The Bank of Japan (BoJ) formed a new team to speed up research into the possibility of issuing a central bank digital currency (CBDC). However, the apex bank has no immediate plans to launch a digital yen.
BoJ Inaugurates New Committee For Digital Yen Research
According to The Mainichi on Monday (July 20, 2020), the new research group will be part of the BoJ’s Payment and Settlement Systems department. The digital currency team will continue the research work conducted by a previous team formed early in 2020.
Back in February 2019, the BoJ released a report which looked into the as well as numerous use cases. In January 2020, the BoJ became part of a CBDC research group, along with central banks from Canada, the U.K., Switzerland, Sweden, as well as the European Central Bank (ECB) and the Bank for International Settlements (BIS).
The deputy governor of the BoJ, Masayoshi Amamiya earlier stated that the bank needs to have a in place if the need for a digital payment system arises. As part of its CBDC research, the BoJ studied the possibility of its proposed digital yen .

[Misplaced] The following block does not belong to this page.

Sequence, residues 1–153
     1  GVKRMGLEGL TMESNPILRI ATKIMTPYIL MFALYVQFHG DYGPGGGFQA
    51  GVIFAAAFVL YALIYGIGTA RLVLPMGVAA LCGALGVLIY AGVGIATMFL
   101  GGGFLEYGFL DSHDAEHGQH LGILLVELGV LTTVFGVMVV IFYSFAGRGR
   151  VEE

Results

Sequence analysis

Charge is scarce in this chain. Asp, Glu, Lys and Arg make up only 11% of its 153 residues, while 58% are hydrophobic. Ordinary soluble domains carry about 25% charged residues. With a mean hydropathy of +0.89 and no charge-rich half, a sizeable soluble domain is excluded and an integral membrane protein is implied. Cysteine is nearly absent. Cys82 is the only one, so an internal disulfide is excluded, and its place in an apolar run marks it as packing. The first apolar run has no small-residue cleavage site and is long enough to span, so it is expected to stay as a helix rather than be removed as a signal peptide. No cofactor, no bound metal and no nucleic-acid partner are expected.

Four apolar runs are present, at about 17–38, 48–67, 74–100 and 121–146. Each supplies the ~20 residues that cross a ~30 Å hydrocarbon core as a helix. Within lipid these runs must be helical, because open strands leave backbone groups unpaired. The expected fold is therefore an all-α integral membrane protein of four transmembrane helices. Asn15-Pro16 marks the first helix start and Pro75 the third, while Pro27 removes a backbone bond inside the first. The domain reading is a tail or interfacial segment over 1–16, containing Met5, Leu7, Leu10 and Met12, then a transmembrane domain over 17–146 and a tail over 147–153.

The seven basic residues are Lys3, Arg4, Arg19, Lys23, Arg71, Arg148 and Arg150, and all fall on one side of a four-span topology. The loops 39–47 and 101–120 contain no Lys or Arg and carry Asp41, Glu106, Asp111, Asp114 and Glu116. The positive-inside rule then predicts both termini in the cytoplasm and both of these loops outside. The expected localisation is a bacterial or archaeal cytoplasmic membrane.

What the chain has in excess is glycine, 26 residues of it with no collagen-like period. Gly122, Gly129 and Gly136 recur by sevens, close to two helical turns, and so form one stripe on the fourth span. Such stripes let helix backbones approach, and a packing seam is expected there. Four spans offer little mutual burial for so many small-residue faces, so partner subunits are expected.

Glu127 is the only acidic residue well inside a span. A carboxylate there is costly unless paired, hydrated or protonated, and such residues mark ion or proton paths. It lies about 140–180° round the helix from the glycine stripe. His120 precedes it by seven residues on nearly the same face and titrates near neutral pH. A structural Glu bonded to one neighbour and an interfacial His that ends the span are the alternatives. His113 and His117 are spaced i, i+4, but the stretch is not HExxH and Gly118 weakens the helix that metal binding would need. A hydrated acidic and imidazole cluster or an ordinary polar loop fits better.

As reported by BTCManager this July, the Japanese government is considering as part of its 2020 economic policy. Also, the country’s Cabinet endorsed an annual economic policy guideline which confirmed the bank’s CBDC study together with other central banks.
Three CBDCs to Rule them All
Although the BoJ has formed a new digital research team, there is no specific mention of a launch date for a digital yen. According to reports, the Japanese apex bank is not in a hurry to issue a CBDC.
Apart from Japan, other APAC countries are examining the merits of creating their own sovereign digital currencies in response China’s accelerated digital currency efforts. Thailand’s CBDC project is at the third stage of development, which will see large corporations test the digital currency for financial transactions. South Korea has also set up a committee to review any regulatory embargo for its proposed CBDC.
As different countries develop their own CBDCs, there is an argument that only CBDCs from major economies will have cross-border use cases. The U.S. Federal Reserve can leverage on the dollar hegemony status to ensure acceptance of a possible digital dollar.
On the other hand, the ECB can take advantage of the European Union (EU) and the European Economic Community (EEC) for the cross-border utility of a likely digital euro. China’s central bank can also leverage the $1T “” initiative for the digital currency electronic payment (DCEP) plus debt servicing for countries in Africa.